Expression of PPAR γ in intestinal epithelial cells is dispensable for the prevention of colitis by dietary abscisic acid (1, 2, 4, 5.)

Nutritional Immunology and Molecular Medicine Laboratory, Center for Modeling Immunity to Enteric Pathogens, Virginia Bioinformatics Institute, Virginia Tech, Blacksburg, Virginia, 24060, United States of America.
e-SPEN Journal 10/2012; 7(5):e189-e195. DOI: 10.1016/j.clnme.2012.07.002
Source: PubMed


Dietary abscisic acid (ABA) has shown efficacy in ameliorating experimental IBD in mice through mechanisms requiring expression of peroxisome proliferator activated-receptor γ (PPAR γ) in immune cells. The goal of this study was to determine whether PPAR γ expression in colonic epithelial cells is required for the anti-inflammatory actions of ABA.
Conditional knockout mice expressing a transgenic recombinase in intestinal epithelial cells under the control of a villin promoter (PPAR γ flfl; Villin Cre+ or VC+) with defective expression of PPAR γ in intestinal cells (IEC) and PPAR γ-expressing wild type (PPAR γ flfl; Villin Cre- or VC-) mice in a C57BL/6 background were fed diets with and without ABA (0.1 g/kg) for 35 days and challenged with 2.5% dextran sodium sulfate (DSS) in the drinking water for 7 days. Clinical disease severity was assessed daily and colonic lesions on day 7 through macroscopic and histopathological examination. Immune cell phenotypes were examined systemically and at the mesenteric lymph nodes (MLN). Epithelial gene expression was assayed in the colon.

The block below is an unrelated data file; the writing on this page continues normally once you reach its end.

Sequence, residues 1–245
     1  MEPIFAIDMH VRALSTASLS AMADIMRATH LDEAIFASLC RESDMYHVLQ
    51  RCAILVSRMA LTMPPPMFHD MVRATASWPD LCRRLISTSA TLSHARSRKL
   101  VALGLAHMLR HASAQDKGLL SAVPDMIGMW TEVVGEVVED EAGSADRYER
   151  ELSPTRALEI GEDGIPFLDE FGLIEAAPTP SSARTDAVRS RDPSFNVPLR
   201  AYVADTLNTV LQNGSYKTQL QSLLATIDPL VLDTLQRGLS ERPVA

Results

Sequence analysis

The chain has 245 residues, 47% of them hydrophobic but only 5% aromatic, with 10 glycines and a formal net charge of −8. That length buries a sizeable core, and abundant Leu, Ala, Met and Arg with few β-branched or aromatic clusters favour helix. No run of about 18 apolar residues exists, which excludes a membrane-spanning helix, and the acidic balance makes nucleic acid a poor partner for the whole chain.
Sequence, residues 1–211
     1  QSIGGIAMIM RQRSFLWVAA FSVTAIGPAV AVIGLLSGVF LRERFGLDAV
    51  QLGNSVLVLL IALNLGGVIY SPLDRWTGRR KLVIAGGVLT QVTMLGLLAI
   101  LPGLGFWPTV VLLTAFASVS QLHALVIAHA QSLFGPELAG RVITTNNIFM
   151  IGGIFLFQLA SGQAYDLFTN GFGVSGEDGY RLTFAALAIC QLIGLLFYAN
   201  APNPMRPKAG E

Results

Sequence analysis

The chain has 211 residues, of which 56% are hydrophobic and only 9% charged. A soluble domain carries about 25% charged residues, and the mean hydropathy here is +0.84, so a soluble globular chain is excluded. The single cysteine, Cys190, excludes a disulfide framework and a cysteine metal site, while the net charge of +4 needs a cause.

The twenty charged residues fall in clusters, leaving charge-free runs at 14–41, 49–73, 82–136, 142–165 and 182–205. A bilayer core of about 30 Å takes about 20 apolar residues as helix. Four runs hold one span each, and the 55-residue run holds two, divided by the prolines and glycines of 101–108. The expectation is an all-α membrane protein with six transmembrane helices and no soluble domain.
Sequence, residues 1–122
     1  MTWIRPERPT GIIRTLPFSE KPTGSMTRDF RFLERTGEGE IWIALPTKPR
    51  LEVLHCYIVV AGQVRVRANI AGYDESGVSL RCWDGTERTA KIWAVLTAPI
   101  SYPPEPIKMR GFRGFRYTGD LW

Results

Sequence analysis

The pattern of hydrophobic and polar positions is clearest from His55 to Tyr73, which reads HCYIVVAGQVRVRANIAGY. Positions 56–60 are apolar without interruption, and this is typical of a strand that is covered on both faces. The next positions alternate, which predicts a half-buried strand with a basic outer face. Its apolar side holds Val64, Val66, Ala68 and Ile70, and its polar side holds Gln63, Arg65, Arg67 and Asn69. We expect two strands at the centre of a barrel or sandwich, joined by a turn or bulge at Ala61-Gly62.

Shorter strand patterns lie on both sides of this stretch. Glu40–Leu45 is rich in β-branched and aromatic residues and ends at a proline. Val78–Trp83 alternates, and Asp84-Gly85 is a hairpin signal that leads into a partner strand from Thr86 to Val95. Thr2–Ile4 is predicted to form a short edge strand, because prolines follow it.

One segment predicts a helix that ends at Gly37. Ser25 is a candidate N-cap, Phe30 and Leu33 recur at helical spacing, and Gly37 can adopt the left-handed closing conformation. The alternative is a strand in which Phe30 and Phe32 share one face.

Dietary ABA-supplementation prevented colitis, reduced disease severity, improved colonic histopathology, and upregulated epithelial lanthionine synthetase C-like protein 2 (LANCL2) expression in VC+ mice. Dietary ABA significantly increased the percentages of MLN CD4+IL-10+ T cells, and blood CD4+CD25+FoxP3+ T cells and CD8+IL-10+ T cells.
Expression of PPAR γ in IECs was not required for the anti-inflammatory efficacy of ABA in IBD. LANCL2 in IECs and T cell-derived IL-10 may be implicated in the mechanism underlying ABA's immune modulatory activity in IBD.

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